This addresses requirements **two** and, most importantly, **three** of the CPRNG requirements.

**3: A Way to Re-Key the PRNG Based on Pools of Entropy**

This is the part of Fortuna that sets it apart from other CPRNGs. And is the key way it makes it really hard for bad guys to guess the internal seed of point 1. It’s also the most complex part of the algorithm, so the description which follows is quite high level.

Fortuna doesn’t directly accept the entropy in point 1, it distributes it among 32 pools in a round-robin fashion. Then, when it needs to re-key to PRNG, it takes the content of one or more pools to derive a new key. Where first first pool is included most often, and the 32nd pool least often.

What this means is that entropy gathered very recently is combined with entropy gathered some time ago (in extreme cases, months or years ago) to produce a new key. The assumption it is extraordinarily difficult for any bad guy to control enough entropy sources over such a long period of time to reliability predict the new key. A bad guy may be able to predict, influence or observe some incoming entropy for a short period of time, but, after a few re-key events, that information will be lost in the noise of entropy from the past and other sources the attacker can’t control.

Fortuna also defines how to securely distribute entropy coming into the pools. And when to update the key for the PRNG based on those pools.

This addresses the most difficult CPRNG requirement **three**.

**4: A Way to Save and Load the CPRNG State**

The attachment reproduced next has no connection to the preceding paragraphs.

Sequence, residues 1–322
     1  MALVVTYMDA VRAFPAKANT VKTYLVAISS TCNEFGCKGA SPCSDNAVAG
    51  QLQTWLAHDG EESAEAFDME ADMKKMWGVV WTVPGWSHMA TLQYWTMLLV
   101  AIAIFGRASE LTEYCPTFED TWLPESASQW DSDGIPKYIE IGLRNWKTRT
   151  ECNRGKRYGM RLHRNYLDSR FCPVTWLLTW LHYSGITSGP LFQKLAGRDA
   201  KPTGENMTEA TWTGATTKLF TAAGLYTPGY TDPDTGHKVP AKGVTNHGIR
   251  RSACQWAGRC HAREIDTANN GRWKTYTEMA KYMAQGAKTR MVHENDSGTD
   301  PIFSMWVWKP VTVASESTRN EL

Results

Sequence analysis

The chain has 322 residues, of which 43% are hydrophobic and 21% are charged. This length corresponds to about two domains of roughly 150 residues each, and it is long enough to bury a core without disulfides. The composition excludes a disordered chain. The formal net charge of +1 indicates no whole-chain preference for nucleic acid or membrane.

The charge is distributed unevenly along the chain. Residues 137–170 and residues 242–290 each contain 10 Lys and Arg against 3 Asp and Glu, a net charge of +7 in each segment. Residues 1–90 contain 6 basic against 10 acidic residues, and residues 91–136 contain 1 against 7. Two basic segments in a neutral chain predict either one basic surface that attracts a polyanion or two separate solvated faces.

Any CPRNG is vulnerable when a computer starts up, because there will be some time before it has accumulated enough entropy to safely seed the PRNG. And the entropy gathered is highly predictable, because a computer does the same things every time it starts.

As a way to work around this, Fortuna says that the PRNG secret key from point 1 should be saved to disk when the computer stops and reloaded when the computer starts. So Fortuna only ever starts truly “cold” once, when the computer is first installed.

(Of course, that doesn’t help Fortuna on its very first start, but does from then on).

This improves CPRNG requirement **three**.

### How is Terninger Different?

Terninger will have the following features, some which differ from Fortuna:

- A
*classic fortuna*implementation, for people who want Fortuna exactly as Bruce Schneier specifies. - An
*improved fortuna*implementation, which takes on board some suggested improvements to Fortuna as well as my own improvements. - A
*short term*CPRNG, which is essentially the core PRNG of Fortuna without any re-keying. - A
*less secure short term*CPRNG implementation, which sacrifices some security to improve performance. - A wide variety of
*entropy sources*; my own creativity is the only limit here. *Highly configurable*, if you want to experiment with all the knobs and dials (eg: number of pools, cypher, hash algorithm, etc).- All the
*helper methods*needed to generate arbitrary streams of random bytes, random integers, random doubles and so on.

### Alternatives

Turninger won’t be ready for some time, so if you’ve arrived here and need a working Fortuna implementation or CPRNG, see below.

An existing C# implementation of Fortuna.

Implementations of Fortuna in Java and Python.

The C# RngCryptoServiceProvider class is a CPRNG, which calls into unmanaged code. Although we have no visibility into its implementation, Niels Ferguson says it is (or was in 2013) based on Fortuna. And Michael Howard lists some of the entropy sources used (in 2005; Windows Vista timeframe).

Wikipedia has a list of CPRNGs.

RFC 4186, appendix B has a basic PRNG.

And, on Linux based systems, you can make use of `/dev/random`

or `/dev/urandom`

.
I’m not sure if they use Fortuna or not in current kernels, but they are good for producing crypto-safe random numbers.

## Next Up

That’s my introduction to CPRNGs, Fortuna and what I hope Turninger will be. It should keep me busy making it all happen, with the degree of quality assurance I want.

The first step: building the PRNG based on AES - the core random number generator of Fortuna.